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On Thursday, Fitch Ratings, one of the “Big Three” in credit rating agencies, notified the City of Houston that it was altering the city’s outlook from “stable” to “negative” because of the recently passed firefighter pay parity proposal. In the same letter, Fitch affirmed the city had an unexceptional ‘AA’ bond rating.

“The Outlook revision to Negative from Stable is due to anticipated erosion of expenditure flexibility due to a charter amendment (Proposition B) approved by voters on Nov. 6 that requires the city to increase firefighter pay to levels comparable to police pay,” read the press release.

Simply put, Fitch is altering the outlook because the now charter-required, voter-approved raises have maxed out the city’s spending flexibility.

Fitch also noted the city is “exploring the question” of whether state law supersedes the city charter, likely in an effort to have legislation passed during the upcoming session to undo what voters approved.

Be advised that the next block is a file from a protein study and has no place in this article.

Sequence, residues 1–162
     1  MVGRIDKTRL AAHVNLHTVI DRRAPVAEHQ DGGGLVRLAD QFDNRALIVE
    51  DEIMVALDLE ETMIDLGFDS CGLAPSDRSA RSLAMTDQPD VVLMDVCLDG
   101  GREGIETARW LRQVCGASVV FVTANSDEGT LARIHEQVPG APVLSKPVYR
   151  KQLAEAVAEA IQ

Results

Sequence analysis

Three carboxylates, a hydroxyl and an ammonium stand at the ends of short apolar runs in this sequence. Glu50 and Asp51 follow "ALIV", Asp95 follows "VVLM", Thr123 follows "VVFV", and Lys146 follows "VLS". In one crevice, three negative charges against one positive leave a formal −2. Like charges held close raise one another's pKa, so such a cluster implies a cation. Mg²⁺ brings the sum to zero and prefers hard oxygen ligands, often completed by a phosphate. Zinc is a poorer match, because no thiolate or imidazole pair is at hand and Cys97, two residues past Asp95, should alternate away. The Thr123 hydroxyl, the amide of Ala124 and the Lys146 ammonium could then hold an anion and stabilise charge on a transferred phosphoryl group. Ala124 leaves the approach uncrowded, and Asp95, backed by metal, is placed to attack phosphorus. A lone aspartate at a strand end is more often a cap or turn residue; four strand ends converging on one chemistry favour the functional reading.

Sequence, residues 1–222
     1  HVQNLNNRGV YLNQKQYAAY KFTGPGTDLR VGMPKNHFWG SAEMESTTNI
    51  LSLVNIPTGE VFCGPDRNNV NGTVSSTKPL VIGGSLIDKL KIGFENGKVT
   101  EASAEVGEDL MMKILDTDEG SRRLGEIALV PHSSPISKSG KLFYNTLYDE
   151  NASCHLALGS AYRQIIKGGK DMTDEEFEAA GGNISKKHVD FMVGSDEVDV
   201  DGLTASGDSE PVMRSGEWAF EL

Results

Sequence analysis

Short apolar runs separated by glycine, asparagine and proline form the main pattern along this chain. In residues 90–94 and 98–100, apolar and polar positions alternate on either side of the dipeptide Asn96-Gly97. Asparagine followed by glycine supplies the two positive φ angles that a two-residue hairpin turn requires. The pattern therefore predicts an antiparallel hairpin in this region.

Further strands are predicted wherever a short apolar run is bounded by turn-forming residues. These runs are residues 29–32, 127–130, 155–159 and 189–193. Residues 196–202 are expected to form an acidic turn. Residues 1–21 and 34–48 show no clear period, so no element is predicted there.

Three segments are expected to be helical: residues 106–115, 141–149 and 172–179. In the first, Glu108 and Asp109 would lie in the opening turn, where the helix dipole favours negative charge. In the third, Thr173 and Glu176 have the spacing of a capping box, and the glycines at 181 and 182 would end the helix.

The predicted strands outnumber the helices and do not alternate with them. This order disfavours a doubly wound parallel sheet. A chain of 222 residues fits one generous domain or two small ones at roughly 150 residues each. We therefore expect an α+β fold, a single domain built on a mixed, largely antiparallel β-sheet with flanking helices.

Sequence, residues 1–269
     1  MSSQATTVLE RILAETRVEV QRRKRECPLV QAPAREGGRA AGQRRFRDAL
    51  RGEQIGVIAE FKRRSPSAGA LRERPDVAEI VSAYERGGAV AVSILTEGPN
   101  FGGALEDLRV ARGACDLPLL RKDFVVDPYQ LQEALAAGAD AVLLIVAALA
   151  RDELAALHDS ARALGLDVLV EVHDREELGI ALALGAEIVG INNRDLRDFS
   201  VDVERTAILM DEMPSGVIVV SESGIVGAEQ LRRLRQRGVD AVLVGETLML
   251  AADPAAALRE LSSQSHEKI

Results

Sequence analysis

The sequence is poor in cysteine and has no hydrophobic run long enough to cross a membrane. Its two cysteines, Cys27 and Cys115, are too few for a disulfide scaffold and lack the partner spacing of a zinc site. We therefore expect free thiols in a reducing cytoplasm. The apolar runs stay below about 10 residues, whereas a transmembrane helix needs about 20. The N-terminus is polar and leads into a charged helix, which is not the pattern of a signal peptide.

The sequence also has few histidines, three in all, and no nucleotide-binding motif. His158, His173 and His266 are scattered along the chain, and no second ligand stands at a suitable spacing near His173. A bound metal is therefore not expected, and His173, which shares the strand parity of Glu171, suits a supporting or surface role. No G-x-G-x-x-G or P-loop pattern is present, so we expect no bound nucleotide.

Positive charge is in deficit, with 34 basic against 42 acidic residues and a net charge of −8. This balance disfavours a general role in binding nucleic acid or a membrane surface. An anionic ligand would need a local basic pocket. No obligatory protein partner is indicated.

But the recently passed firefighter raises only gave the city the final push off of the spending cliff — it is not the primary reason they found themselves at the edge.

The press release cited increased pension-related spending from Mayor Sylvester Turner’s “pension reform” as well as existing budgetary pressures as additional reasons why Fitch will test the city’s spending flexibility.

According to the city, the raises amount to a 29 percent increase costing about $100 million in the first year. Turner says to afford this he’ll have to lay off at least 1,000 employees; the City of Houston has 22,000 employees.

While Turner took the release as an opportunity to attack both the referendum and the voter-imposed property tax cap, his hands aren’t tied.

The firefighters have repeatedly expressed willingness to work with the mayor on gradual implementation of the raises. The Houston Professional Firefighters Association, the group behind the charter push, has said they are willing to spread the raises over a three-year period to avoid layoffs and not overly burden the city.

In a budget that tops $5 billion, the mayor should be able to find areas to cut to fund the increases, though he is instead choosing to punish his employees. He has definitively said that the layoffs will start in the fire department and, as his current statements are showing, he will likely be seeking remedy from the state Legislature to override the will of the voters when it convenes in 2019.

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